The fully-electric Volvo EX90 flagship SUV is a “computer on wheels”



Volvo aims to become a fully-electric carmaker by 2030, and today, the Swedish carmaker unveiled its next big step in making its ambition come true. This is the Volvo EX90, the fully-electric counterpart to the massively-successful XC90 flagship SUV, and it’s got big shoes to fill.

And it’s doing so with a very familiar look, with a design that can be described as more of an evolution than a revolution. It still largely retains the same proportions that emanates presence on the road, as well as the same Volvo design elements, including the lighting signatures both front and rear.

With that being said, they’ve all been reworked with a futuristic touch that looks right at home in a modern, fully-electric SUV. The Thor’s Hammer daytime-running light signature physically opens up to reveal the “1.3 megapixel” headlights behind it, while the vertical tail lights have now been broken up to include the separate lighting elements into the rear windscreen itself.

The front fascia also gets a new unique appearance without an upper grille, but most importantly, the Volvo EX90’s silhouette is also a lot more rounded around the edges, to help bring the drag coefficient down to just 0.29 Cd – pretty impressive for a large seven-seater SUV.

Hiding under the familiar appearance, however, is a brand-new architecture that allowed Volvo to stuff 111 kWh of batteries underneath the floor. The electrons drive – at least at launch – a duo of electric motors, delivering 380 kW (517 hp) and 910 Nm of torque to all four wheels.

Volvo says the batteries in the EX90 also offers up to 600 km of range on a single charge, and can be refilled with DC power at up to 250 kWh, giving you 180 km of range in 10 minutes, or charging from 10-80% in roughly 30 minutes. The batteries can also be used for “bi-directional charging”, or in simpler terms, a powerbank for your other electric devices, your home, and even another electric Volvo car.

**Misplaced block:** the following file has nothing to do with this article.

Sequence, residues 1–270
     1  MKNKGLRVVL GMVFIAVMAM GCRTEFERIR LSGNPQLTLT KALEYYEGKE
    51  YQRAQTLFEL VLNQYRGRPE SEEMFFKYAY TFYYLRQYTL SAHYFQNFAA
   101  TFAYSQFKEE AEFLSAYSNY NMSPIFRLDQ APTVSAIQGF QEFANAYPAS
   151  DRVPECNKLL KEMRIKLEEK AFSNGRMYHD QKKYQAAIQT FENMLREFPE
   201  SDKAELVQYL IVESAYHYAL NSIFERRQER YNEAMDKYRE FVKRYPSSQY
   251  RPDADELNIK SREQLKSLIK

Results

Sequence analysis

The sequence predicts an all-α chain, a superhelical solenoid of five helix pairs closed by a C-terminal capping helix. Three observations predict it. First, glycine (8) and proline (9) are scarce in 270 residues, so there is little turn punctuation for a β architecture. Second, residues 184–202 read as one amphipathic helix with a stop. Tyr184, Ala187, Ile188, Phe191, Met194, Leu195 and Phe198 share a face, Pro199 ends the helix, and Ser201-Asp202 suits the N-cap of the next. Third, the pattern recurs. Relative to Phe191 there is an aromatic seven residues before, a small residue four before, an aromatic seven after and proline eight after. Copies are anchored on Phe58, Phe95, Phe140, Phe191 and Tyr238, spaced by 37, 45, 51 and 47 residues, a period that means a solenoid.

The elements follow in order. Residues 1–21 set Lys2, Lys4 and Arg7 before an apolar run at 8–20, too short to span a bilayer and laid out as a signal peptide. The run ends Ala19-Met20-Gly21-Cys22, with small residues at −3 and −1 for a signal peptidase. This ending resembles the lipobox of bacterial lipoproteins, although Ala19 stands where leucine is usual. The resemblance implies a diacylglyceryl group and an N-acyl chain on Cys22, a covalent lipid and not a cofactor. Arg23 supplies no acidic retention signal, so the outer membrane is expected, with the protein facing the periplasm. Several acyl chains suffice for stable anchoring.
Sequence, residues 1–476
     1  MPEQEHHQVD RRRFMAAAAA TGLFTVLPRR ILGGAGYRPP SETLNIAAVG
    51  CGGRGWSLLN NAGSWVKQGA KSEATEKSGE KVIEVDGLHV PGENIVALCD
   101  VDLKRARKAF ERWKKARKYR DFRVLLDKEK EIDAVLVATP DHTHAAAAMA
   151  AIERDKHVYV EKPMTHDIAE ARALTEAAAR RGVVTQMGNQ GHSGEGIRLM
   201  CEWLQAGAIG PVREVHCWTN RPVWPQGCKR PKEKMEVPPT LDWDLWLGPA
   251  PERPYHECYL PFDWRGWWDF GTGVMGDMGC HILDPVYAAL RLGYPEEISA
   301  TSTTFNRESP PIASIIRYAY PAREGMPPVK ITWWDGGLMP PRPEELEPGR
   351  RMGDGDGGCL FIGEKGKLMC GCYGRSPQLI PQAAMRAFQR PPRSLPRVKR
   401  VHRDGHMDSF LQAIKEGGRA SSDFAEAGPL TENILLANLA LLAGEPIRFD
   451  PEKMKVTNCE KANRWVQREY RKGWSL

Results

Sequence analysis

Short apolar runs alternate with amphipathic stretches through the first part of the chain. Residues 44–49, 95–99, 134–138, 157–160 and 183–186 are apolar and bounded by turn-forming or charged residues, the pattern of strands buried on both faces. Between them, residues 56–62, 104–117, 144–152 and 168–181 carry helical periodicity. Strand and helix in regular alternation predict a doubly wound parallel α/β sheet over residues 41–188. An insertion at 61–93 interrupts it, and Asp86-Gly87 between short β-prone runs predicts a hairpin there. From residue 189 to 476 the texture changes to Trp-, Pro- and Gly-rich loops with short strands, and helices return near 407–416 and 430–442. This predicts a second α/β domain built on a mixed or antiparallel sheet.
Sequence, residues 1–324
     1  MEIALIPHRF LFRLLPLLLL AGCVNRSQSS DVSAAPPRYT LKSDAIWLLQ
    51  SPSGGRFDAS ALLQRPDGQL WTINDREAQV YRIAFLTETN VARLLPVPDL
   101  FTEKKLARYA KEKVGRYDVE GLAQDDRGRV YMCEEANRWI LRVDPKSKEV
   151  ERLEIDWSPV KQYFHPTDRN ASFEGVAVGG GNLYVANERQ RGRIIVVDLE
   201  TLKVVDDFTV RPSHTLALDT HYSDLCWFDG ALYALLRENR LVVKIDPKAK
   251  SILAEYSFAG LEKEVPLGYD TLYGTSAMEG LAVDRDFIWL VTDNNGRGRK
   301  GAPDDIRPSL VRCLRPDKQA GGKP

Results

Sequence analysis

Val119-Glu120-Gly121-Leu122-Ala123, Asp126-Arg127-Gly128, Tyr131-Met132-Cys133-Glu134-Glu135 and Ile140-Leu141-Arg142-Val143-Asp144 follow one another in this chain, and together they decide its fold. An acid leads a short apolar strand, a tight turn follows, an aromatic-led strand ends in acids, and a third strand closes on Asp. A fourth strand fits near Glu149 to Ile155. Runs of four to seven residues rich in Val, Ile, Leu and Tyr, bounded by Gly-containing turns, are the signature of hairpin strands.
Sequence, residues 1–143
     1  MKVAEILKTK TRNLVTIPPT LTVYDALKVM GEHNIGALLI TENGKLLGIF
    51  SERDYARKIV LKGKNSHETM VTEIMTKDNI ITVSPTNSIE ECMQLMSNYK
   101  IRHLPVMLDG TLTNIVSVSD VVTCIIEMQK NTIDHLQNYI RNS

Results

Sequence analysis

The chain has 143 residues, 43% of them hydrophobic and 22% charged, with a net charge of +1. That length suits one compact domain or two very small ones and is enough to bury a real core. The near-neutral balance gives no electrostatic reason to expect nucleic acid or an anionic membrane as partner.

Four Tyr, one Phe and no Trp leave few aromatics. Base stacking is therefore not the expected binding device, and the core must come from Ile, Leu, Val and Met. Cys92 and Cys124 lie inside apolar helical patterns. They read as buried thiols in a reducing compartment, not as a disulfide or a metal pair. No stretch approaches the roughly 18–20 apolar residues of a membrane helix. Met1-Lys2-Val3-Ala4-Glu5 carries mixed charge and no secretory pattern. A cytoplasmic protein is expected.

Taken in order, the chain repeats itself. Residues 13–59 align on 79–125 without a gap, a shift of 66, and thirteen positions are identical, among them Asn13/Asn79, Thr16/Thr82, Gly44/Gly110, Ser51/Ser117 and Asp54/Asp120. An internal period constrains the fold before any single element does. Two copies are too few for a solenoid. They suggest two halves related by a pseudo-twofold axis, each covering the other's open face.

ALSO READ: Volvo aims to become an all-electric carmaker within 20 years

It’s also a similar story on the inside, where the design is still unmistakeably Scandinavian, just with a much more modern twist to it. The dashboard, which was already unveiled earlier, is mostly distilled into two screens, measuring 14.5-inch on the central vertically-oriented display, and a slim horizontal bar for the instrument cluster.

Aside from the screens, Volvo also highlighted the new illuminated wooden veneer on the dashboard, which acts as ambient lighting at night for a sci-fi-esque look, alongside the glass-topped volume knob, and a “reference-quality” Bowers & Wilkins Dolby Atmos sound system that even includes additional tweeters in the front seats’ headrests.

Volvo says the EX90 is its most technologically-advanced vehicle ever made, with a digital platform that “grows” with the user. The screens inside runs on Snapdragon Cockpit Platforms using Unreal Engine’s 3D tech for graphics, with Google apps and services built-in as before.

But more importantly, the entire car is powered by a pair of Nvidia Drive AI platforms and a Snapdragon 8155 processor, which ensures the car has “exactly the amount of computing power [it] needs for the future”, allowing the EX90 to get better over time via regular over-the-air software updates, not just in terms of software features, but also in its safety capabilities too.

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That’s because the digital stack also powers the Volvo EX90’s safety sensing technologies, including a myriad of exterior sensors and radars, cameras, a new lidar sensor on the roof, and even new interior sensors, looking directly at the drivers.

Volvo says the system will get smarter and safer over time as the AI learns from new data gathered from the aforementioned sensors, and will respond to small objects “hundreds of metres ahead”, or when it detects that the driver has become inattentive, taking necessary actions be it during active or autonomous driving.

All in all, Volvo says the new safety systems on the EX90 can reduce serious accidents by up to 20%. Meanwhile, the lidar sensor is also “hardware-ready” for unsupervised driving in the future, which will be enabled via software updates when the software and legislations catch up.

Although the Volvo EX90 follows in the footsteps of the XC40 Recharge and C40, it truly feels like a brand-new start for the Swedish carmaker in its pursuit to becoming fully climate-neutral by 2040. Expect to see many – or most – of these new features and car-making ethos being passed down onto future models, which they’ll be unveiling one new electric model per year. Sit tight – it’s going to be a wild ride.


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